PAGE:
With a little over a week until the United States picks its next president, regional observers and editorials continue to worry over what has been an unpredictable and unconventional election season.
The candidates for President of the United States of America have been making their cases before the U.S. electorate for a number of months now, including in three debates characterized more by their acrimonious exchanges than by substantial policy debates.
Last week the executive board of UNESCO, the United Nations cultural agency, approved an Arab-sponsored resolution to refer to the site of the Al-Aqsa mosque only as Haram al-Sharif, the name used by Muslims, while removing references to the Temple Mount, as it is called by Jews.
I am delighted and very proud that my homeland, the United Arab Emirates (UAE) has been recognized by the World Economic Forum (WEF) as the third safest country out of 141 countries included in a study based largely on “the costliness of common crime and violence as well as terrorism, and the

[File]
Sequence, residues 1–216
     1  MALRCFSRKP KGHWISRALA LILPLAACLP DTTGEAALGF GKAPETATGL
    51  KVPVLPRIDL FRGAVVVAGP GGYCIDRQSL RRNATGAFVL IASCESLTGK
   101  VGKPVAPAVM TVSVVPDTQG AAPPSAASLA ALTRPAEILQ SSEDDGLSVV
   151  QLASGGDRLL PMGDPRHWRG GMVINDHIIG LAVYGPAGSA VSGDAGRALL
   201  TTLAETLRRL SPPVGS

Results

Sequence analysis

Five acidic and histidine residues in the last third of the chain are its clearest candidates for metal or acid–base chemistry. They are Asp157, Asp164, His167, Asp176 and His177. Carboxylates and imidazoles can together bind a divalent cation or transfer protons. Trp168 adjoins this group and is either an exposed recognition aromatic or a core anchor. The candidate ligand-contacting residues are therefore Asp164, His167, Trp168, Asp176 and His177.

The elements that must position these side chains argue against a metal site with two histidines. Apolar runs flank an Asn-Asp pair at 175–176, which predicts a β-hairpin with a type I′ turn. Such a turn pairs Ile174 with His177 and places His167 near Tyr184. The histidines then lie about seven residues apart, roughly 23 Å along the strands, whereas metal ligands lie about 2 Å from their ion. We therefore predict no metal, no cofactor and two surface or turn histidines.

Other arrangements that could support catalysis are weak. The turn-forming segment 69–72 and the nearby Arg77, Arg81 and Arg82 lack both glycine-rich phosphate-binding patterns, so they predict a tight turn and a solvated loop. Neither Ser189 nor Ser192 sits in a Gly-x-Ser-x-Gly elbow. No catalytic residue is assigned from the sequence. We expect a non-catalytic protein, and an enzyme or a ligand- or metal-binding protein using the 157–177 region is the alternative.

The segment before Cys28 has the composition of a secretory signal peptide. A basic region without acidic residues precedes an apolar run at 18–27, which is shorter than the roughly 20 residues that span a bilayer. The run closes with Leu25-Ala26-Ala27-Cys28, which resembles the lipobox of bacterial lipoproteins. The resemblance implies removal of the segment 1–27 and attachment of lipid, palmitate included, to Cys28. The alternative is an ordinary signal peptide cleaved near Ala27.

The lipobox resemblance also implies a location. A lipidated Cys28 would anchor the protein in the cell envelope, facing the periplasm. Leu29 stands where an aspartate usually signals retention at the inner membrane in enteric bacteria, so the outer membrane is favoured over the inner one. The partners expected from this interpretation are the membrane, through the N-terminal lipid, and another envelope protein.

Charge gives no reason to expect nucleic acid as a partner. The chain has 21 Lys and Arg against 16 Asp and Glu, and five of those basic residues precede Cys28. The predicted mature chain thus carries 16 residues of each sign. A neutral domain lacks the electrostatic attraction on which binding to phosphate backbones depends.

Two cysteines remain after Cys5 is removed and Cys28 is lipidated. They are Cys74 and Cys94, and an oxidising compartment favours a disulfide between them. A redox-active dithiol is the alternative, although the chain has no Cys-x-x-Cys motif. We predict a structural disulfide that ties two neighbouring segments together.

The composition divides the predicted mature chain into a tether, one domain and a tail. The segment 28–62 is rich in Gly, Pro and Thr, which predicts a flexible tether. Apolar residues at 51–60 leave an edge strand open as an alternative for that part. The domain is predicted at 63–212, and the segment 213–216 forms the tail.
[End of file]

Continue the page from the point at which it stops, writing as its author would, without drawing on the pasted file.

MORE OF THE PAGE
Eighteen months have passed since the Yemeni Civil War began, pitting the forces of President Mansur Hadi and his allies against former president Ali Abduhallah Saleh and the Iran-backed Houthi rebels.
I have reached the conclusion that the majority of Arab States are their own worst enemy. The Arab nation of which we were once so proud has disintegrated. Great swathes have descended into violent trouble spots.
Regional dailies and political observers continue to dedicate a considerable amount of attention to the ongoing suffering in Syria, particularly in the besieged city of Aleppo.
The United States Congress has, for the first time in Barack Obama’s presidency, overridden a veto to open the way to a number of potential lawsuits by U.S. citizens against foreign governments.
Congress has done the unimaginable by almost unanimously passing a law allowing the families of 9-11 victims to lodge civil cases against Saudi Arabia (and other states) for aiding and abetting terrorism, which flouts all international laws and conventions protecting sovereign states from frivolo
Al Jazeera's Behind the News program interviewed Dr. Thomas R. Mattair, the executive director of the Middle East Policy Council, on the consequences of the Justice Against Sponsors of Terrorism Act (JASTA). The controversial bill, recently passed by the U.S.